Moan for the Day (03/10/2016) – Attitude to Homelessness in the UK
As many of you will know, I am a regular caller to LBC radio station, discussing various things including politics.
Today (03/10/2016) I rang in to discuss Andrea Leadsom’s comments about hoping young British people would take up low paid jobs done by EU migrants. The host of the hour was Clive Bull, somebody who expresses very pro-EU views, and regularly hosts an hour (normally every other week) asking the people whether there should be another EU Referendum to see if views have changed.
My input on the subject of low-skilled workers was that there were over 100,000 homeless people on the streets of Britain, about three-quarters of which were young people. My view was that with Sajid David’s proposal to build 250,000 new houses and jobs apparently being available in the unskilled labour force. It would be a brilliant opportunity to put together some kind of scheme to help people off the streets of Britain and back into work. Give them some of their dignity back and improve people’s life chances. I myself always make a point of speaking to people sleeping rough. Just to find out what left them in that situation, if they needed anything to eat or drink and whether they have any kind of support where they are. I have spoken to several who “busk” who have said they were looking for cleaning jobs but couldn’t find any. One in particular who always stood in my mind plays/played outside Churchill Square in Brighton and plays the violin. Always nice to people, chatty and grateful to those who recognise her presence in the world.
She has some minor training in X-Ray work, and hadn’t been able to complete her education, and had been looking for cleaning work without success. She had been sofa-surfing for a year. His response to the suggestion was, in my opinion, shocking. He seemed to whip this idea away, suggesting that anybody homeless who had claimed to be looking for work without success had been lying to me and that many of those on the streets wouldn’t be fit for work in any way anyway due to mental illness. Is this really the low level we have stooped to in this country? Not only do we completely ignore people sleeping rough in the UK. Not only do we ignore the very real mental health problems and drug abuse that has enveloped some of their lives. We just condemn them as not being suitable and allow them to continue on in what is left of their lives without any hope or help.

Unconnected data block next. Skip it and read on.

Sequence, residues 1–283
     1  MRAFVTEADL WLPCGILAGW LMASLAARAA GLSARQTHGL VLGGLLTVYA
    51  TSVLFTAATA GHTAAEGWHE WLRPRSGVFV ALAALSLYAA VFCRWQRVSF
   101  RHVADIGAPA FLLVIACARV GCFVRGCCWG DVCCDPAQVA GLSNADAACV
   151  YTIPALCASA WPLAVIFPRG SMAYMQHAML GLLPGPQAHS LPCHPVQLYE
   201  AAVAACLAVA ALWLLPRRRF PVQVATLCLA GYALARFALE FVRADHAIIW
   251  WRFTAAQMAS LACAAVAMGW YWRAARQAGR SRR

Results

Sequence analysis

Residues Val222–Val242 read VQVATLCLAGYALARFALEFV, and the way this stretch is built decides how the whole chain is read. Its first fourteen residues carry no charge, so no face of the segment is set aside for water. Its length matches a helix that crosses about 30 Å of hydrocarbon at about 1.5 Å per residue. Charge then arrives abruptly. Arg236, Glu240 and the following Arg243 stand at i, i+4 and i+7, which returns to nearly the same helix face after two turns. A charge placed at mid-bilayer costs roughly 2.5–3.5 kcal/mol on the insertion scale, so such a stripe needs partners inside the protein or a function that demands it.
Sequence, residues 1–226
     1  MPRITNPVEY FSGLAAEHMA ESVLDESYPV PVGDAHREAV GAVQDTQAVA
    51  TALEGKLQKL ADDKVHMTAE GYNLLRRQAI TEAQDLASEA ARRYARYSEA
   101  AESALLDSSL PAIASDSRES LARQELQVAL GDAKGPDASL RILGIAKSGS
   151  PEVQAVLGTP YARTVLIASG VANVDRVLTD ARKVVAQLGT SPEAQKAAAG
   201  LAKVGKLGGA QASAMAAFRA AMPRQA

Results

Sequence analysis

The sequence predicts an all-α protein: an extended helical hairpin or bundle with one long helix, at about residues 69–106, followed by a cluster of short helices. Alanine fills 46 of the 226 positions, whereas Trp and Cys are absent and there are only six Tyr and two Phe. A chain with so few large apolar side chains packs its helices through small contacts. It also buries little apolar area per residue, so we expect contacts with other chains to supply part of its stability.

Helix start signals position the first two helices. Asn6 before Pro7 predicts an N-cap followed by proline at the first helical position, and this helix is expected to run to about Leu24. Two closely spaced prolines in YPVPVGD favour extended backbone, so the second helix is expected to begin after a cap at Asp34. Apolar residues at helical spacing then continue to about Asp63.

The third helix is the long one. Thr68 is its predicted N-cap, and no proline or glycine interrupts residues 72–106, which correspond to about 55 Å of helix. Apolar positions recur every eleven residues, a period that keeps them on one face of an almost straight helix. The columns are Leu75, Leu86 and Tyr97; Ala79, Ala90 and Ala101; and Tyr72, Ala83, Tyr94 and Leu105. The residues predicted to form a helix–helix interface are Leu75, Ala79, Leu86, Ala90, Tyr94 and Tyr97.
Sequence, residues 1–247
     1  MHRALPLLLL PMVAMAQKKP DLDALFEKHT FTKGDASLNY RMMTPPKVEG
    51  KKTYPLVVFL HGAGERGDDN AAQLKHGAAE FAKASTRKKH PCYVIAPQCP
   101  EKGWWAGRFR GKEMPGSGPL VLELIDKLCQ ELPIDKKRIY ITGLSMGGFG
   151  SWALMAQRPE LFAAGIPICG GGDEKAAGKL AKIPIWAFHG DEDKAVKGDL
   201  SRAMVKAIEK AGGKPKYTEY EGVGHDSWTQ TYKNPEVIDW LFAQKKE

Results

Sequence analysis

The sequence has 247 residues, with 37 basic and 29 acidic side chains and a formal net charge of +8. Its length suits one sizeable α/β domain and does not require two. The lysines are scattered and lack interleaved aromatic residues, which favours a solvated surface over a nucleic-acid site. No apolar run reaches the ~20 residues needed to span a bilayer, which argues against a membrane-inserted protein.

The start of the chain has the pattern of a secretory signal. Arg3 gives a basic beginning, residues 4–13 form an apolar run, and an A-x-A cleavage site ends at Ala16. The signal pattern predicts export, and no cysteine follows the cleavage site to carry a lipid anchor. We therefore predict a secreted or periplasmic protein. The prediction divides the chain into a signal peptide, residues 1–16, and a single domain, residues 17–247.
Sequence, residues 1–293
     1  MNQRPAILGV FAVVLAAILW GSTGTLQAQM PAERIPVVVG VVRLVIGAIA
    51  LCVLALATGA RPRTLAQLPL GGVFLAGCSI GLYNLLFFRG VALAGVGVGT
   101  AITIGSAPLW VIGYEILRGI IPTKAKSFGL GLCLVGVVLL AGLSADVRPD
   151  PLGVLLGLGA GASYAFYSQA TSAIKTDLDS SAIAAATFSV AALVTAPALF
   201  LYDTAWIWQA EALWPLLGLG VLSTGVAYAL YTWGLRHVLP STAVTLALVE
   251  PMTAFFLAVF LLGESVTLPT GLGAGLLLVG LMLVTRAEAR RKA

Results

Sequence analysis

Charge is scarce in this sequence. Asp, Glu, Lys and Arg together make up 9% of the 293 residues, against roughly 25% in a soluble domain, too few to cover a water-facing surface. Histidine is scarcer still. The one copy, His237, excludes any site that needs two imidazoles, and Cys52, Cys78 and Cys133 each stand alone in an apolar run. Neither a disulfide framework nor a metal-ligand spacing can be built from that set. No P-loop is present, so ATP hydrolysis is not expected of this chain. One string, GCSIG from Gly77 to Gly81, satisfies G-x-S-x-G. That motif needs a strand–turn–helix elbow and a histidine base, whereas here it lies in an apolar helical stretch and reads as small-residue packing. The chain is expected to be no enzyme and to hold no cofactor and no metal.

One of the things I have been hoping for in the course of UKIP’s evolution is the potential for them to develop into a more moral political party. UKIP have already developed somewhat of a reputation for being a party that wants to protect the interests and well-being of those who have left the armed forces. Not only those who have been maimed in combat or who have developed mental health problems. But everyday people who have done their duty, and served their country proudly.
This is one of the main reasons I was so proud of UKIP’s manifesto put together by Suzanne Evans and provided the content for by the various spokespeople within UKIP at the time. The reality is the political establishment has been a disgrace when it comes to the interests of former armed forces personnel, the homeless and mentally ill. With mental health funding not being what it should be, the growth of food banks spiralling out of control and the rate of male suicides in the UK skyrocketing to record highs.
So at what point does the media elite and the political establishment stop, take notice and do something about it. At what point do people recognise that there are human beings in their time of need, cold, upset, frightened and covered in goodness knows what forgotten by the world.
When walking down the road, and see a person on the pavement begging. We all do it, we all glance our eyes sideways and pretend we didn’t see what we have just seen. Would it really dent people’s pockets and time-schedules that much to pop into a local off-license or supermarket. Buy a reduced sandwich and a bottle of water. Maybe in the winter pop into a local cafe and buy a homeless person a cup of tea or coffee.
Maybe next time somebody rings up a radio station to put forward a suggestion that might help people, that radio host might consider the idea and expand on it, instead of condemning homeless people to a broad stereotype that only serves to worsen their treatment by members of the public, and continue a trend that brings absolute shame upon our country.